health

The surprising music genre that's currently taking off on Spotify.

Image via iStock.

Spotify has released the latest data on what its 10 million+ paid users are listening to and it’s definitely not what we expected.

Turns out people aren’t flocking to the Top 40 hits, New Indie Finds or even Beyonce’s Greatest Hits (we know, it’s hard to believe); they’re specifically looking for relaxing music.

The music streaming website reported that the fastest-growing music category is the freshly named “environmental/sleep/relaxative”, with nearly 300 albums added in the last week. Turns out 11.6 per cent of all new albums on Spotify (while data was being collected) fell into that relaxation category.

Plus, they’ve reported that users of the streaming service have compiled more than 2.8 million “sleep-themed playlists”.

Yep, it seems we’re no longer listening to music to get the party started, instead turning to the tunes to send us to sleep. And it could have some benefits.

“We are so used to instant gratification and getting a fast response from technology and our brains can get wired to keep looking for more and more stimulation,” explains Positive and Coaching Psychologist Sarah-Jayne Whiston.

With so much going on around us, we look to slower, soothing sounds to relieve anxiety and calm us down. (Post continues after gallery.)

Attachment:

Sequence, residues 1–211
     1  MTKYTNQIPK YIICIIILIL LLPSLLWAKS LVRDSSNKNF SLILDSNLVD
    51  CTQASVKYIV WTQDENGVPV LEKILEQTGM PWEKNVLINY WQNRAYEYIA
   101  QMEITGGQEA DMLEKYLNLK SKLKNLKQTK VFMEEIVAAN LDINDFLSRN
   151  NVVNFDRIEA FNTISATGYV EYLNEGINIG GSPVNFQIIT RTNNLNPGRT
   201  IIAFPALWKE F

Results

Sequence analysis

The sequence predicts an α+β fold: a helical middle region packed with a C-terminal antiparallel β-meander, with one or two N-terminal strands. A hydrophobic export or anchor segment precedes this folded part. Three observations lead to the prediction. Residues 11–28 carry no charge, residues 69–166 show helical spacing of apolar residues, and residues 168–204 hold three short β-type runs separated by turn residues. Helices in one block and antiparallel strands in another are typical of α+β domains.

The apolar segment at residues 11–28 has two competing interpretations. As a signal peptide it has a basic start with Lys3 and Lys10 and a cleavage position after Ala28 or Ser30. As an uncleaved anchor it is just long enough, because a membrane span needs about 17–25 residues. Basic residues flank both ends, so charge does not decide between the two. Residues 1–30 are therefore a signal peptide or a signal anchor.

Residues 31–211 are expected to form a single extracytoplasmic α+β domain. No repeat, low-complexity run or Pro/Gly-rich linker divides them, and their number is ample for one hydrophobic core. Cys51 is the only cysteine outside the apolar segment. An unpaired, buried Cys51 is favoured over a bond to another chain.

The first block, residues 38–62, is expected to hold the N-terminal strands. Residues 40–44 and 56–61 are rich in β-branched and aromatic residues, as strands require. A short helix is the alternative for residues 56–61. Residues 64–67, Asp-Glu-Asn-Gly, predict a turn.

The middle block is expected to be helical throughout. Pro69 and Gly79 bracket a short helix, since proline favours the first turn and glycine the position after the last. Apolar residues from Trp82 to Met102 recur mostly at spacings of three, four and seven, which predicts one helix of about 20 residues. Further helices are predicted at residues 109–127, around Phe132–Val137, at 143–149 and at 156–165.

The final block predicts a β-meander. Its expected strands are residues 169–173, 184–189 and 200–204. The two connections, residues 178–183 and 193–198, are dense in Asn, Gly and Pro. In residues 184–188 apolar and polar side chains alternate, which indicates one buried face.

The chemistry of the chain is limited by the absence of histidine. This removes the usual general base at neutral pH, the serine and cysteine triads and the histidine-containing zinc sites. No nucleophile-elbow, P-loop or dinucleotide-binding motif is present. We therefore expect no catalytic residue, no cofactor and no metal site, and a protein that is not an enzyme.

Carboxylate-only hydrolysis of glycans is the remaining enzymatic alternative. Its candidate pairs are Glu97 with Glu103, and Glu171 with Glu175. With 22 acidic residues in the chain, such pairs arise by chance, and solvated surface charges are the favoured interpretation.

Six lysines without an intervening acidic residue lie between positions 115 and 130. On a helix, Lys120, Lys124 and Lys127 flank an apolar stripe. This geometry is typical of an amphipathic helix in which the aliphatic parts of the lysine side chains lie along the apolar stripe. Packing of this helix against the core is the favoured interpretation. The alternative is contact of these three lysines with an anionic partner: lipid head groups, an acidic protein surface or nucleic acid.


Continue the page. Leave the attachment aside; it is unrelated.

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A 2008 study published in the The Journal of Clinical Nursing found that listening to soothing music significantly reduced the levels of stress, anxiety and depression in pregnant women, while other studies have identified music’s ability to improve the body’s immune system function, as well as being more effective than prescription drugs at reducing anxiety before major events like surgery.

According to Dr Yuliya Richard, Director and principal psychologist at Blue Horizon Counselling, we get these same benefits in our everyday lives when we listen to calming music.

“Bear in mind that it does have to be soothing music – quiet, 60-80 beats per minute, a soft tone a regular rhythm, and non-dramatic. Loud, fast, spiky music has the opposite effect of increasing our heart rate,” she says.

Calming music helps to alleviate stress and anxiety. Image via iStock.

As well as reducing stress and anxiety, soothing music has also been found to be a great aid in helping us get quality sleep, something our inability to 'switch off' makes increasingly difficult.

"By removing electronic devices and listening to soothing music about an hour before sleep-time we stop multi-tasking, reduce anxiety and can focus on the one important goal of a good night’s rest," she says.

In addition to listening to calming music, Dr Richard also recommends having a bath, doing stretches, going for a walk or dimming the lights and using candles as part of a sleep routine an hour before bedtime as ways to relax and unwind.

What do you to switch off? What's your favourite song or album to fall asleep to?

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